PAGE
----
* U.N. says Uganda should try rebel commander
* Internet video spurs international hunt for LRA leader
By Elias Biryabarema
NAIROBI, May 22 (Reuters) - Uganda's chief prosecutor on Tuesday appeared to rule out any amnesty for Lord's Resistance Army commander Caesar Achellam, captured this month.
The Ugandan army's detention of Achellam, one of the LRA's top five members, has raised hopes it is closer to catching Joseph Kony, the rebel leader accused of war crimes for his group's near three-decade campaign of child abductions, rape and mutilation.
Richard Butera, Uganda's director of public prosecutions, said in a statement Achellam would be investigated and if found to belong to upper echelons for the LRA command, would be ineligible for pardon.
"It must also be noted that senior LRA officers involved in gross human rights violations do not benefit from amnesty because of their seniority in command and control," Butera said in the statement.
"If Achellam falls in that category, the issue will be assessed on evidence available."
Since Uganda passed its Amnesty Act in 2000, some 13,000 former LRA fighters have been pardoned, including many captured in battle.
The International Criminal Court at The Hague has issued arrest warrants for Kony and his top commanders for several counts of crimes against humanity and war crimes, although Achellam is not among those charged by the ICC.
Kony is accused of abducting children to use as fighters and sex slaves and is said to have a fondness for hacking off limbs.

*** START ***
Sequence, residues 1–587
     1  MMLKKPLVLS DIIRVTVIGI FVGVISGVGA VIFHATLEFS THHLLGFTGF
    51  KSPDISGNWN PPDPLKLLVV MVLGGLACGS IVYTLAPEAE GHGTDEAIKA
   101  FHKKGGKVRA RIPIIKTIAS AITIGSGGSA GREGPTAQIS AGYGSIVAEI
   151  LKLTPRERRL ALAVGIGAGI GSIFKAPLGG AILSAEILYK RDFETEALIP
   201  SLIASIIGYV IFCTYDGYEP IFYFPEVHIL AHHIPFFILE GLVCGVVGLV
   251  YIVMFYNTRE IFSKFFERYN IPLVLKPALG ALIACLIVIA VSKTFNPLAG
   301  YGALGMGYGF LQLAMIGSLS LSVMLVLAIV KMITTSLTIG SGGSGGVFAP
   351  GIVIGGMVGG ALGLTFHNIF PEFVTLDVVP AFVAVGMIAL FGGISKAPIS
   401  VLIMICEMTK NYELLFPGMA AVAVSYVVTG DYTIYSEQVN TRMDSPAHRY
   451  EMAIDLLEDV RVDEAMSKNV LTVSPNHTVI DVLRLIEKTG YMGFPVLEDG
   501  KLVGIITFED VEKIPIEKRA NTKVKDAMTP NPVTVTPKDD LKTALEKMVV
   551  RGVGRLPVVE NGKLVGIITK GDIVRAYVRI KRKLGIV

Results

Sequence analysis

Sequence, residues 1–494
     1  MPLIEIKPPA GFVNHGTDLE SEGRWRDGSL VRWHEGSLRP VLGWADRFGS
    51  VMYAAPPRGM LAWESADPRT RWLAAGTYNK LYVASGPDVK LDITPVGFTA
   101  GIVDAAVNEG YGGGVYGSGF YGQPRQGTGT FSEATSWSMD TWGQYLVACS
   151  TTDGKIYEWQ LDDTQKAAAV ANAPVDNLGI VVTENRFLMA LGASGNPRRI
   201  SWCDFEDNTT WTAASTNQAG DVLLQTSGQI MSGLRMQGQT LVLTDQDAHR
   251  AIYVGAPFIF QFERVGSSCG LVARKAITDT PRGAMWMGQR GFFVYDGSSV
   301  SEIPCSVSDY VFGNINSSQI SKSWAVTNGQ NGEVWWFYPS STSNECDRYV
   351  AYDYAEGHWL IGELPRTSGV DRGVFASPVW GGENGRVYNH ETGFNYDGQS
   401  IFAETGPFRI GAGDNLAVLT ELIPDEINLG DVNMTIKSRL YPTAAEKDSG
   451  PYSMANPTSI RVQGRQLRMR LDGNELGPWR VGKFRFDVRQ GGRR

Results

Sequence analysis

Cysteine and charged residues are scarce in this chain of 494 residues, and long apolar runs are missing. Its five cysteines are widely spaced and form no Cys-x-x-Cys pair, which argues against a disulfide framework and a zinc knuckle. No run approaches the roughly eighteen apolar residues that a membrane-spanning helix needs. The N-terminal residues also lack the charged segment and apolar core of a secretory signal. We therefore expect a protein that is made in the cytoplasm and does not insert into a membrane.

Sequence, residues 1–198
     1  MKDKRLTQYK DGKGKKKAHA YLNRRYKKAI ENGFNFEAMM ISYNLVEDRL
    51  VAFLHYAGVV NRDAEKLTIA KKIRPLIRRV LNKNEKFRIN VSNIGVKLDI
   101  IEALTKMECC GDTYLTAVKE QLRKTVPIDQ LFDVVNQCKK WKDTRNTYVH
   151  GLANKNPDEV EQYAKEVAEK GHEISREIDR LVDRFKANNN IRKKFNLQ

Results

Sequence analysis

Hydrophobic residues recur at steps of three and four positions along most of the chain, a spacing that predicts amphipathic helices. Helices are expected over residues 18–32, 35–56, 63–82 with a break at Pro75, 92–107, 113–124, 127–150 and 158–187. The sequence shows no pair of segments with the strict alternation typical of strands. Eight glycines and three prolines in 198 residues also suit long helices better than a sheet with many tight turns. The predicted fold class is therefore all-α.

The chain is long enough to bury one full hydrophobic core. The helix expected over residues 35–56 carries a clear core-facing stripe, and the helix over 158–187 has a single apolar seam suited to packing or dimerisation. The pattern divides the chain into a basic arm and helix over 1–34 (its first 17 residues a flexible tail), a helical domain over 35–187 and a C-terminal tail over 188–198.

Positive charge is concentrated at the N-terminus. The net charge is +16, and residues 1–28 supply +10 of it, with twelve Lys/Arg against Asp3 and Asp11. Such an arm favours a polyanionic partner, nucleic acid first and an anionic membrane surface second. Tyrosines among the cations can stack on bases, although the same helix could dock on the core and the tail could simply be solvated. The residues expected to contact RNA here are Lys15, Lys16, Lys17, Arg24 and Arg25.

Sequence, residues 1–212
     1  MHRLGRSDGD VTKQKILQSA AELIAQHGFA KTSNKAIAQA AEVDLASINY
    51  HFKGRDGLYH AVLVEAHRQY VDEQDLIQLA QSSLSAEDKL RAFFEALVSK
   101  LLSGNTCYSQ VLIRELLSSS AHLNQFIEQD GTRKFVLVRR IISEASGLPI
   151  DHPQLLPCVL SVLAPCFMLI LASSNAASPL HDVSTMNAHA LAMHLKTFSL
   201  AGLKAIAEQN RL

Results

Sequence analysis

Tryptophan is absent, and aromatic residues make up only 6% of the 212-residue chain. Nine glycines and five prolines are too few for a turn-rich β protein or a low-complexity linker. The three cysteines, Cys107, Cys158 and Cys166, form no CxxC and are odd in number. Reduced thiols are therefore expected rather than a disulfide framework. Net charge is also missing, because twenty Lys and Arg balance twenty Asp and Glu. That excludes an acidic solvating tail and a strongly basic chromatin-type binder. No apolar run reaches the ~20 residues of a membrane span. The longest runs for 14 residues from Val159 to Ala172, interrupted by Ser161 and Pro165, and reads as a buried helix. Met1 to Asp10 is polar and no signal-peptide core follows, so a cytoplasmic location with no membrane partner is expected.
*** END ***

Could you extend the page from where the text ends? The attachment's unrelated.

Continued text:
A 30-minute YouTube video by California-based film-maker Jason Russell calling for the arrest of Kony swept across the Internet in March, attracting tens of millions of views, bringing the LRA's atrocities to the attention of many people previously unaware of the group's existence.
Late last year the United States deployed 100 special forces troops to help a 5000-strong African Union-mandated regional force hunting for Kony.
The prosecutor's statement followed comments by the chief legal adviser to the Uganda Amnesty Commission, Nathan Twinomugisha, who said Achellam was eligible to apply for amnesty and that his case would be considered as soon as he did so.
The U.N. Secretary-General's representative for Children and Armed Conflict, Radhika Coomaraswamy, has also called for Achellam's prosecution, describing him as "one of the worst perpetrators of child rights violations".
"The prosecution of the case will be taken on its merit and on the basis of evidence available," Butera said. (Reporting by Elias Biryabarema; Editing by George Obulutsa and Andrew Roche)